Gangs play role in new identities

Center for the Humanities Newsletter Photo
Fina Carpena-Méndez

In this pueblo, drug addiction is increasing because children grow up as rebels with their grandparents,” Carmen told Fina Carpena-Méndez. “They come back home from school and nobody tells them what to do . . . Some children don’t go to the milpas and they are just in the street. Youth don’t like village life anymore. They come and go . . . but they already feel they are from the other side [the USA] and cannot adjust when they return. A boy got together with a Chicana and stayed for good on the other side. His parents were left alone here, without any help . . . And this is the abandonment that is happening.”

Fina Carpena-Méndez is a Research Fellow and assistant professor of anthropology at OSU. Carmen lives in a Nahua village in Central Mexico where Carpena-Méndez did field work for a year. The research investigates—and questions—prevailing notions about what happens to children left behind by family members who migrate to the United States.

“My work attempts to show the complexities of intergenerational relations in indigenous villages affected by new, accelerated processes of transnational migration, plagued by unexpected events and misunderstandings of each other’s realities on both sides of the border,” said Carpena-Méndez. “Children do feel abandoned when left behind even though they are under an extensive network of care and supervision from grandparents or other relatives. Parents in the U.S. think the remittances they send back to Mexico are invested in providing children a modern form of nurtured childhood, but elders are losing power in what until recently were gerontocratic societies.”

Mexico is in the process of dismantling an agricultural system that has historically provided food variety and security in rural regions. A new generation of rural Mexicans is growing up in the context not only of a rapid dismantling of subsistence agriculture, but the almost completed process of deindustrialization, accelerated transnational migration, deepening social inequality, and compulsory schooling under a new World Bank development program known as ‘Oportunidades.’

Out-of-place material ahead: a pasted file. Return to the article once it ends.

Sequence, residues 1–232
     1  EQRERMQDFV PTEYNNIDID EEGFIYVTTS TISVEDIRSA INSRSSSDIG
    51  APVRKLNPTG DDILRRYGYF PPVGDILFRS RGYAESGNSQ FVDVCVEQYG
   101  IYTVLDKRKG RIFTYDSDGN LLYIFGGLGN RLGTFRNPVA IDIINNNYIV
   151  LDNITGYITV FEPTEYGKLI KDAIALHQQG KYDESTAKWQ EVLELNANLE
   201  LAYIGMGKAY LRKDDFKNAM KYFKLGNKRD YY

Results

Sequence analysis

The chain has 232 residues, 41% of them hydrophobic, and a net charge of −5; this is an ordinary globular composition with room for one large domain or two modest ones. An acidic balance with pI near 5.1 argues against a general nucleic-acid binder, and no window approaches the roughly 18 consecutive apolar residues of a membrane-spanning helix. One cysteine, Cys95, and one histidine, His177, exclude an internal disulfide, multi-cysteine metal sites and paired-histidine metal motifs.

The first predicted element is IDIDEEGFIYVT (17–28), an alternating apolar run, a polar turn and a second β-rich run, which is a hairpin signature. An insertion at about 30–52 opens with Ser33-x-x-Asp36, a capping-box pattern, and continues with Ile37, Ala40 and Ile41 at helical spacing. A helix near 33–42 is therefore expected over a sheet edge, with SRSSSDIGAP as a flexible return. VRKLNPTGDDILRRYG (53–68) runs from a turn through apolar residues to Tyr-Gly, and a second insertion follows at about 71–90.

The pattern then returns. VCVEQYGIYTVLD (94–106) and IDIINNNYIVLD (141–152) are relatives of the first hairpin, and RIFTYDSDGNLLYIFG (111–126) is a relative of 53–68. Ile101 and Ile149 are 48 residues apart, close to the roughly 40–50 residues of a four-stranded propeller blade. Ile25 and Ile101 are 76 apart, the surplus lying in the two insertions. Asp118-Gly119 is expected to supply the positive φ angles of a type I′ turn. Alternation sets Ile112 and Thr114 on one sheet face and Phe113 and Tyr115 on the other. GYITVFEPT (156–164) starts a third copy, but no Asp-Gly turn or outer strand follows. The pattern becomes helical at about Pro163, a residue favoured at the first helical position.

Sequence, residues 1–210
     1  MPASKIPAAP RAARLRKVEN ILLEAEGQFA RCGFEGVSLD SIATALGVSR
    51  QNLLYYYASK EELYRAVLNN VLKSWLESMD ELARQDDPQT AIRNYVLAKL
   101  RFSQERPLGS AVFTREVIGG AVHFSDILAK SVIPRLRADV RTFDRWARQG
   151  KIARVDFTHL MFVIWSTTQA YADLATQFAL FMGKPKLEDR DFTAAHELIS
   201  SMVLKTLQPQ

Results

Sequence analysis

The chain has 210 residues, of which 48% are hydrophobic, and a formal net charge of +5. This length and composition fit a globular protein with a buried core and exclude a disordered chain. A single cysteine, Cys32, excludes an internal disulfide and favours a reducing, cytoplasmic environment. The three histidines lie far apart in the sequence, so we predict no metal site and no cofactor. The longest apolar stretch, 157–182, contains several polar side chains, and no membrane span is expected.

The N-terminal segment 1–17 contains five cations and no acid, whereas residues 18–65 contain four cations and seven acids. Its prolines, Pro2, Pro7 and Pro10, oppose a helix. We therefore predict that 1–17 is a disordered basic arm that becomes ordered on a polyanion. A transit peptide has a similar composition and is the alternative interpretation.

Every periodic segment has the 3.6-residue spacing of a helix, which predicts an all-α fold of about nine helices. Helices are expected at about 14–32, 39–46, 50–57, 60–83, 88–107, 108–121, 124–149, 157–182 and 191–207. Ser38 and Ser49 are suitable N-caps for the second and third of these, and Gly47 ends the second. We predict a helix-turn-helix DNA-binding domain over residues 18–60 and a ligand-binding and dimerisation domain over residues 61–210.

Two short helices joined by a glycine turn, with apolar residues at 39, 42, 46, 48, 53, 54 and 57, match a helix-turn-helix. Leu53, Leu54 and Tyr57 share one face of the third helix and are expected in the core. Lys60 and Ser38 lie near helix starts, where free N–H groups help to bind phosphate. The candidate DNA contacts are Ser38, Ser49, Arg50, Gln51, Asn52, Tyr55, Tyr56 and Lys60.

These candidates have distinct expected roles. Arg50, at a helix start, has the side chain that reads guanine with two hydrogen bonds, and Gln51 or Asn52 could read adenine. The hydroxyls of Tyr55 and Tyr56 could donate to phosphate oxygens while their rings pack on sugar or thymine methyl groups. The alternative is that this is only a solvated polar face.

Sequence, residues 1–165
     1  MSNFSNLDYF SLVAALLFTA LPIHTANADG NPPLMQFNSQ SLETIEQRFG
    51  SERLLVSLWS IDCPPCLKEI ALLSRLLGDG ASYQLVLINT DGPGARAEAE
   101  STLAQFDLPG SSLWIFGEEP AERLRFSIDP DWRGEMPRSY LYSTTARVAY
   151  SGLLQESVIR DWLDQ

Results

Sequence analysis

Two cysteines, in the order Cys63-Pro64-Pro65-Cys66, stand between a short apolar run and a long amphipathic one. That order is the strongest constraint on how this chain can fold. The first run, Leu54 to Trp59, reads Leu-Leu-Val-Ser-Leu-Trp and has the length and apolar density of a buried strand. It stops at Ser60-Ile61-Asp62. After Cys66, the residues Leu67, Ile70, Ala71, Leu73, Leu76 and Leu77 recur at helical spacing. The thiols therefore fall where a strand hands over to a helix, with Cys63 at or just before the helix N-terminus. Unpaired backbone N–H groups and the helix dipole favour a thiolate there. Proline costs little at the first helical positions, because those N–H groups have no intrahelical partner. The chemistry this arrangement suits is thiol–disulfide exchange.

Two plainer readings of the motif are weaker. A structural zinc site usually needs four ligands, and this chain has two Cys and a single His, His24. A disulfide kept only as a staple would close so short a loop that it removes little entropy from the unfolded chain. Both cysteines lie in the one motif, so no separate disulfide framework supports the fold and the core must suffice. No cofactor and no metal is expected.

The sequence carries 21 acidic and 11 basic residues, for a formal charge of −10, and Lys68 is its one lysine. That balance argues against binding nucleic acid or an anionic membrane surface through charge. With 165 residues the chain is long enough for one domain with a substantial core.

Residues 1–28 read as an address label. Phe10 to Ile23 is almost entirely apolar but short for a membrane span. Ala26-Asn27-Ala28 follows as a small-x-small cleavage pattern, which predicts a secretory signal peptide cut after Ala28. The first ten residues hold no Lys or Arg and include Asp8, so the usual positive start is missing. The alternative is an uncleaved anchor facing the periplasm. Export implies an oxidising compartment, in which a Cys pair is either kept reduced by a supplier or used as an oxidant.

“In the countryside, households are increasingly composed of elders and children left behind by young migrant parents. . . In a community broken up by transnational migration, children contribute with their work, care, and creativity to sustain forms of everyday practice and to stitch the ruptures of the everyday in a transitional society,” Carpena-Méndez wrote in summarizing her research. In her book-in-progress, Seeds to the Wind: Growing Up Across Furrows and Borders in Neoliberal Rural Mexico, she argues that indigenous rural youth are drawing on whatever cultural and social resources they have at hand in order to make sense of their new world.

They are constructing new networks of support—support to help them create new social practices in Mexico as well as to migrate to the United States—and gangs (bandas) figure large in the new order. The term “gang,” however, does not necessarily carry the familiar meaning.